Eureka College's Student Magazine Since 1889

The Eureka College Pegasus

Eureka College's Student Magazine Since 1889

The Eureka College Pegasus

Eureka College's Student Magazine Since 1889

The Eureka College Pegasus

Girls Make Eureka History in the 2023 Wrestling Season


The sport of wrestling is very new to Eureka College. With its fast-growing popularity, many girls are jumping on the opportunity to be a part of history. Though the numbers of partaking in scholastic sports is decreasing, girl’s wrestling has been steadily rising. Considering the benefits that wrestling can provide, it is no surprise that Eureka College has made the decision to provide an official program for students to join.

Student involvement in sports is declining. The first national participation survey showed high school athletics portrayed a 4% decline nationally.  Naturally, collegiate sports are following suit. However, women’s wrestling is gaining a lot of attention from female athletes.

Gada Bryant, a multi-sport athlete at Eureka, became interested in the sport because of inspiration from her older brother. She has been wrestling for about 6 years since her sophomore year of high school. It has become something that she has grown to love. Alongside her “If men can do it, I can do it too” mentality, she is most excited for being one of the first girls in Eureka College history to take to the mat and compete.

For years, it was a common belief among many that it is “too manly” of a sport for females to join, but involvement in girl’s wrestling has skyrocketed. In 1990, there were only 112 girls in the nation who participated in high school wrestling. In the earlier years of the sport, it took a lot of courage and strength to join a male-dominated team.

Not only would having a physical disadvantage be an extremely difficult aspect to overcome, but as society’s view as a whole about women competing against men in combat sports like this.

“We should not require young girls to test themselves against males in this sport in order to be a competitive wrestler or to be valued as a good wrestler. It is a tough and demanding sport as it is, and young girls deserve the right to compete with other tough female wrestlers. The longer we force girls to compete against boys, the more we prevent the growth of women’s wrestling,” Katherine Shai, a board member of the non-profit Wrestle Like A Girl and Five-Time Women’s National Team Member said.

Leaders in wrestling have made it a mission to create as many opportunities as possible for girls to compete against girls at the scholastic and collegiate level. As of Spring 2023, it is one of the fastest-growing sports with more than 50,000 high school participants. For 27 years straight, girl’s high school wrestling has had a growth rate of 10% or higher per year. In 2019, the Women’s Collegiate Wrestling Coalition announced the creation of the Cliff Keen National Collegiate Women’s Wrestling Championships for NCAA Teams.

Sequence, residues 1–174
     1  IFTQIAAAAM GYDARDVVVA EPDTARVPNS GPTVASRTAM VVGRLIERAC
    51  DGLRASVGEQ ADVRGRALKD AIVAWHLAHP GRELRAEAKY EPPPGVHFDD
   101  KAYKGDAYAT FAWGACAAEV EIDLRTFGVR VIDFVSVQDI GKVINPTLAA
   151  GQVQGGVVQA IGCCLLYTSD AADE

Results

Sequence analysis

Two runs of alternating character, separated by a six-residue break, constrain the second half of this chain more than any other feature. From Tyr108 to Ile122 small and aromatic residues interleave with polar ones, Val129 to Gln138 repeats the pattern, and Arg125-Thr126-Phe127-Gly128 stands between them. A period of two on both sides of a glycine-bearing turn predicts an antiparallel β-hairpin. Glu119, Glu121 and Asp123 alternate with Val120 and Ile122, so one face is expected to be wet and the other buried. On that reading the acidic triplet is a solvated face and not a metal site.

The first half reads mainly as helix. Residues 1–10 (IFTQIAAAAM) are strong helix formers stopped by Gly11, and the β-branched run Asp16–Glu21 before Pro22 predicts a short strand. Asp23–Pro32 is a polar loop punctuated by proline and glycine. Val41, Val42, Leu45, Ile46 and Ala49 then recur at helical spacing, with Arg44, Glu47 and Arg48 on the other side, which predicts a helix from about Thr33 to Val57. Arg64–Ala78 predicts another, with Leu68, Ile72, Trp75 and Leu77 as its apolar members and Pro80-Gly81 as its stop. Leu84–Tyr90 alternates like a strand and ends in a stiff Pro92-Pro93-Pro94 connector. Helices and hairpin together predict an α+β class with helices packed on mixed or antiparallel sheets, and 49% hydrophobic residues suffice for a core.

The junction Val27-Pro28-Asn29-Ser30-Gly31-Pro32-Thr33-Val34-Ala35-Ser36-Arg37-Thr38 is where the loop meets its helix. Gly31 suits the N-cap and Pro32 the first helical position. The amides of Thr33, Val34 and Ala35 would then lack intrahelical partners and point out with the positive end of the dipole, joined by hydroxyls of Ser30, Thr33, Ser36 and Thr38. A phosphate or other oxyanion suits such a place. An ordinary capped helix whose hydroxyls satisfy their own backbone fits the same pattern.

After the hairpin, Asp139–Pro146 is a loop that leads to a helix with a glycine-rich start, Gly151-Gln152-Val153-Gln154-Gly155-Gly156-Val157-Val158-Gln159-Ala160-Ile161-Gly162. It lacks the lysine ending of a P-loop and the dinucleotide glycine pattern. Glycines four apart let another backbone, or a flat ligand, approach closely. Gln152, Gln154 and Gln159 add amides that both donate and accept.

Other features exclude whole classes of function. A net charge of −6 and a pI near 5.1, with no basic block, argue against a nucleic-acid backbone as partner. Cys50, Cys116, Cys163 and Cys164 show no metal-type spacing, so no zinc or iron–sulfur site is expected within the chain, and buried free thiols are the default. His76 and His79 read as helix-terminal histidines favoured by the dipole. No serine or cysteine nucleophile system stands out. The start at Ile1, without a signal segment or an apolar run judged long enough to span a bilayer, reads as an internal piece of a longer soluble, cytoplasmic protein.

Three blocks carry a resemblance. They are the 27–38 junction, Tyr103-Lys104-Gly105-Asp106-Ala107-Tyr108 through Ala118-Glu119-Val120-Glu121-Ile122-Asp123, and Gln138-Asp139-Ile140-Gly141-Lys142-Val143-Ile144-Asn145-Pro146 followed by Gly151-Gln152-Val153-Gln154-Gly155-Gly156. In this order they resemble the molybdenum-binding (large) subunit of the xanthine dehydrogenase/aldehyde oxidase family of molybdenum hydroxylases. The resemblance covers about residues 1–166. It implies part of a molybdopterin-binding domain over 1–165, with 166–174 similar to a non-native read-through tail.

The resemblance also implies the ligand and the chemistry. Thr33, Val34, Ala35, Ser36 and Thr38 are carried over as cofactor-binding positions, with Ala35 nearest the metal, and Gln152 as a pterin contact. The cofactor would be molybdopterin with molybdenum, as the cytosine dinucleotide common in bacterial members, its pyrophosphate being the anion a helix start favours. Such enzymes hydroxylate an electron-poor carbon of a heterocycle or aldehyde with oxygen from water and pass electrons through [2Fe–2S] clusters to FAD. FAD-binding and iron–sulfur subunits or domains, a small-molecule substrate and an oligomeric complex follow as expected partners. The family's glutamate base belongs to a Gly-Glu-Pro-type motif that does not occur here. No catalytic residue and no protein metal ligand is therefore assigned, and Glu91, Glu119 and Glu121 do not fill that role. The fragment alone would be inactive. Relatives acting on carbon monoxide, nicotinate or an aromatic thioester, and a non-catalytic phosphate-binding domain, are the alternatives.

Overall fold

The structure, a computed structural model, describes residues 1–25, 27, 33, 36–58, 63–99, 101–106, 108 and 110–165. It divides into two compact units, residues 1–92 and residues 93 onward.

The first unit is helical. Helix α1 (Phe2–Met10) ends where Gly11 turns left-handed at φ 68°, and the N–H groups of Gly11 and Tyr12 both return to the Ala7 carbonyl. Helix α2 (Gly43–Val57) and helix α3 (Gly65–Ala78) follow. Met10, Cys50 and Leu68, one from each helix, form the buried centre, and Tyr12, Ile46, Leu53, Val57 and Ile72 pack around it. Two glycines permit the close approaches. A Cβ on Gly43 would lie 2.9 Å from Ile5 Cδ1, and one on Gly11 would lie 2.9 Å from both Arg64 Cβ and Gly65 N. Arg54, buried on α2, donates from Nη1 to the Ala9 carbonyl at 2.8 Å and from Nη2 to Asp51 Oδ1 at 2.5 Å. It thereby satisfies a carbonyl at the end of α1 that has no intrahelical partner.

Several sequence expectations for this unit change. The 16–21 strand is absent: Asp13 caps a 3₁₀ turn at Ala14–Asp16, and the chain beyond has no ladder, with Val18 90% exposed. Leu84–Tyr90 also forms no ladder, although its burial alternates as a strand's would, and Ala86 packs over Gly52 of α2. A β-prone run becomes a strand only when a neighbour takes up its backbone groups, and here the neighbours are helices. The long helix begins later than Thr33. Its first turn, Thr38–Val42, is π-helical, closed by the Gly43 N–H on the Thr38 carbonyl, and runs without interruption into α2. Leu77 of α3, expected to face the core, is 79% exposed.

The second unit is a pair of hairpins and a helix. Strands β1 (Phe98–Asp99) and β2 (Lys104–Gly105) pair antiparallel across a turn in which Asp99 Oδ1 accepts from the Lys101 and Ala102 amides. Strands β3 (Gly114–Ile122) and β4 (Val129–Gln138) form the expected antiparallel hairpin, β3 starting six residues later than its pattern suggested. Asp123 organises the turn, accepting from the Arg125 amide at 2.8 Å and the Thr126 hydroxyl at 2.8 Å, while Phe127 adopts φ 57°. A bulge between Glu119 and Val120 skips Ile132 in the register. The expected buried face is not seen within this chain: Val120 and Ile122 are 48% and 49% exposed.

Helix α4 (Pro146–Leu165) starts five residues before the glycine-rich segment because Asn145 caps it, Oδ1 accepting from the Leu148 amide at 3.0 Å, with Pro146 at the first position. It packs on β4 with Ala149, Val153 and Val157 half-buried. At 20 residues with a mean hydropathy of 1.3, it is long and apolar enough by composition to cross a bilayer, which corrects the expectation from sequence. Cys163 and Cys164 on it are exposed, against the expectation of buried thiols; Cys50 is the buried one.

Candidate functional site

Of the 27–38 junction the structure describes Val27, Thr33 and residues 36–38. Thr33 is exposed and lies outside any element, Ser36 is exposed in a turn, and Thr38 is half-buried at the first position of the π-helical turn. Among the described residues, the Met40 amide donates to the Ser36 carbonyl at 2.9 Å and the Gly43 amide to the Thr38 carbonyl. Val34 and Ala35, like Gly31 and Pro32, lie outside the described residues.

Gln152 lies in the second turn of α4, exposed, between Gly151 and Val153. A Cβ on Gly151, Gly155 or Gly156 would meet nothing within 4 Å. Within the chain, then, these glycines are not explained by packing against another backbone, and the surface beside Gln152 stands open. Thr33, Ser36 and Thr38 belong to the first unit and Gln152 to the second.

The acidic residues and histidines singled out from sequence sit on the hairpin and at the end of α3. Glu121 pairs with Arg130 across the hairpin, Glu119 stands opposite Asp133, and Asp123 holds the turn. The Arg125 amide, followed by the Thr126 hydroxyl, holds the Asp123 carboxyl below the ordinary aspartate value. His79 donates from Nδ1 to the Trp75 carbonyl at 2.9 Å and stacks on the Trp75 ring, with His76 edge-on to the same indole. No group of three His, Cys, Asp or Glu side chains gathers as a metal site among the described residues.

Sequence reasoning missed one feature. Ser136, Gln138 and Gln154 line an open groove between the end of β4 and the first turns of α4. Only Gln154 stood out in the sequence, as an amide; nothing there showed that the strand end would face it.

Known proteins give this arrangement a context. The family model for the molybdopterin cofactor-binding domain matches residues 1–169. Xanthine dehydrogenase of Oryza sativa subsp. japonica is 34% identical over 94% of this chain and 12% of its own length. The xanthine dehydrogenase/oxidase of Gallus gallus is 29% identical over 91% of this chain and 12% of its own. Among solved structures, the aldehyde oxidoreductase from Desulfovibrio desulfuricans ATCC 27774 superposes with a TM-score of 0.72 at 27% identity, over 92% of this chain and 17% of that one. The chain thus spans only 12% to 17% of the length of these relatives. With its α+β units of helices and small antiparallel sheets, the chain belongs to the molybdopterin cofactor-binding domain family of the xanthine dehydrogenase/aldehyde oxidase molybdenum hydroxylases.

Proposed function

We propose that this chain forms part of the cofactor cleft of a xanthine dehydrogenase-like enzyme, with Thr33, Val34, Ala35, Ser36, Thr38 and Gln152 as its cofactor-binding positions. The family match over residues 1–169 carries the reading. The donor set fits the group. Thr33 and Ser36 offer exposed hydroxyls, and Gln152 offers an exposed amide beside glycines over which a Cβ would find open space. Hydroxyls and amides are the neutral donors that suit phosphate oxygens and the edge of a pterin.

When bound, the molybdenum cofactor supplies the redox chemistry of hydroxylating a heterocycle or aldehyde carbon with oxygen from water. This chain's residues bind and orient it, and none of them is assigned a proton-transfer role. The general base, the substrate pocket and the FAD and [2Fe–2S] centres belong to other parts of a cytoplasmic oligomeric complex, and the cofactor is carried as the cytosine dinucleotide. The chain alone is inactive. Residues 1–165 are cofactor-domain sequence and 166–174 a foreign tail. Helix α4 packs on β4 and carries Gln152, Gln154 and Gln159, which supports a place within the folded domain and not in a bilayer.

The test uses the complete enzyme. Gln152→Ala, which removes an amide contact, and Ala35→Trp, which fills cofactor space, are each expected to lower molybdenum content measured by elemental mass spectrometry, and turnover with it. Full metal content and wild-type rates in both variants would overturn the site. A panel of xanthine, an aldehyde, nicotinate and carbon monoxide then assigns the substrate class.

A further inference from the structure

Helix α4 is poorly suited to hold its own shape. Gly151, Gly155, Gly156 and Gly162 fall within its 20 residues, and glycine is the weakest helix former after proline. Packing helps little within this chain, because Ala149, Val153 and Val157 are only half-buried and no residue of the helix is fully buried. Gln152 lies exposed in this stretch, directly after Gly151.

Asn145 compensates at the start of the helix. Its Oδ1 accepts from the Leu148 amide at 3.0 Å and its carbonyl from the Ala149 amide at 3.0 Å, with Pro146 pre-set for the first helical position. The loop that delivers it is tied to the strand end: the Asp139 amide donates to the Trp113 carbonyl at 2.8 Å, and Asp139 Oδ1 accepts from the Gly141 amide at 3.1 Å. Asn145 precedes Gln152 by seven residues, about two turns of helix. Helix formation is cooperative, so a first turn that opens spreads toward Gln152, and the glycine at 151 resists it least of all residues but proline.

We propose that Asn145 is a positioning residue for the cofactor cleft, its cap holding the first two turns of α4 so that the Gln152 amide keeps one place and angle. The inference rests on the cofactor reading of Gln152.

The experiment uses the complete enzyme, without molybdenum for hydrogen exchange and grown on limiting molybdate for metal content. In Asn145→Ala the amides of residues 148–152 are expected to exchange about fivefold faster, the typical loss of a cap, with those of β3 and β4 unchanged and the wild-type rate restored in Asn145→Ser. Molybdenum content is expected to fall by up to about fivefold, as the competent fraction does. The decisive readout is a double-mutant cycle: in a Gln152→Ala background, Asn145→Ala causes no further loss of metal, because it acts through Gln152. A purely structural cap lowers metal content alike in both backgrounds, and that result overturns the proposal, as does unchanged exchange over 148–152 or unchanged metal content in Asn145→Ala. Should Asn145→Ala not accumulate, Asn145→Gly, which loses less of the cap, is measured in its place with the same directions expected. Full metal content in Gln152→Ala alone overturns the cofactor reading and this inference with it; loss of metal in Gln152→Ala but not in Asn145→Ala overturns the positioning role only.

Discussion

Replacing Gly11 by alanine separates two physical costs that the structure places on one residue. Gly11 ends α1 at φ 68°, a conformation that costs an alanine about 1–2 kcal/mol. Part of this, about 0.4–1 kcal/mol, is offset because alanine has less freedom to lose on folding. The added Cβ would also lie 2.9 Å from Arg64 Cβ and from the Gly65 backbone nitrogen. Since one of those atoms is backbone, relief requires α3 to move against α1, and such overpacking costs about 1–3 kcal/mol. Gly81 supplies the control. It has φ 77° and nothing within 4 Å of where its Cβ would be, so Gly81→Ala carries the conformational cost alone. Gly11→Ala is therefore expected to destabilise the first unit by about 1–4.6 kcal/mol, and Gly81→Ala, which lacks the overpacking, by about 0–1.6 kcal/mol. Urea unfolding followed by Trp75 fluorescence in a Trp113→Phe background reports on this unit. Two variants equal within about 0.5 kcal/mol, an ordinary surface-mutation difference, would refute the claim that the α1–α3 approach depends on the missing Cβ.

While the rise of participation in the sport is impressive, so are the benefits of being involved in wrestling. The sport not only teaches mental toughness, instills confidence, discipline, self-reliance, and physical fitness in young women, but it also teaches self-defense and provides opportunities for higher education. The NCAA found that 23% of college wrestlers are first generation college students, the second-highest sport in the country, just behind football at 25%.

Eric Biehl, head coach for the Eureka College Wrestling Program, has been involved in the sport for over 20 years. Biehl believes that the increase of girls participating in wrestling is due to schools buying in and having programs for females.

“Girls did not want to wrestle boys. It’s a lot nicer now that they are wrestling each other, the competition is better, so I think it’s encouraging more girls to give it a try, enjoy it, and get their own awards at state,” Eric Biehl said. “Girls are generally a lot more responsible; I feel like a lot of times you can almost get more out of girls just because they’ll listen more, they’ll be more attentive and pay more attention to detail. A lot of times men will come in and just want to go at it or shake some aggression off.”

Biehl also states that wrestling benefits athlete’s lives outside of the sport. He describes it as another avenue to release some frustrations or stress going on in the world and teaches a “ton of discipline.” He encourages girls to join who are nervous or debating about joining the sport.

“It’s still very new, you don’t have to start when you’re super young to be successful at it. It’s a lot of fun. A lot of girls have found just how much fun it is, to get in there and learn all these new moves and get that discipline that comes with it too,” Eric Biehl said.

Eureka College has only had a wrestling program for less than two years. Since it is still very new to the school, the team is open to more participants joining. If you’re looking for a new way to exercise, learn self-defense mechanisms, or other opportunities to join an extracurricular activity, join the Red Devil’s wrestling team today!

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About the Contributor
Emily Virgil
Emily Virgil, Staff Contributor
Emily Virgil (Morton, Illinois) is a transfer student from Illinois Central College, majoring in Communication and Media Studies with a minor in Hispanic Studies at Eureka Collee. In her spare time, she likes to create art. Whether that be through graphic design, canvas painting, or working with clay, Emily feels best being in a headspace for pure creation.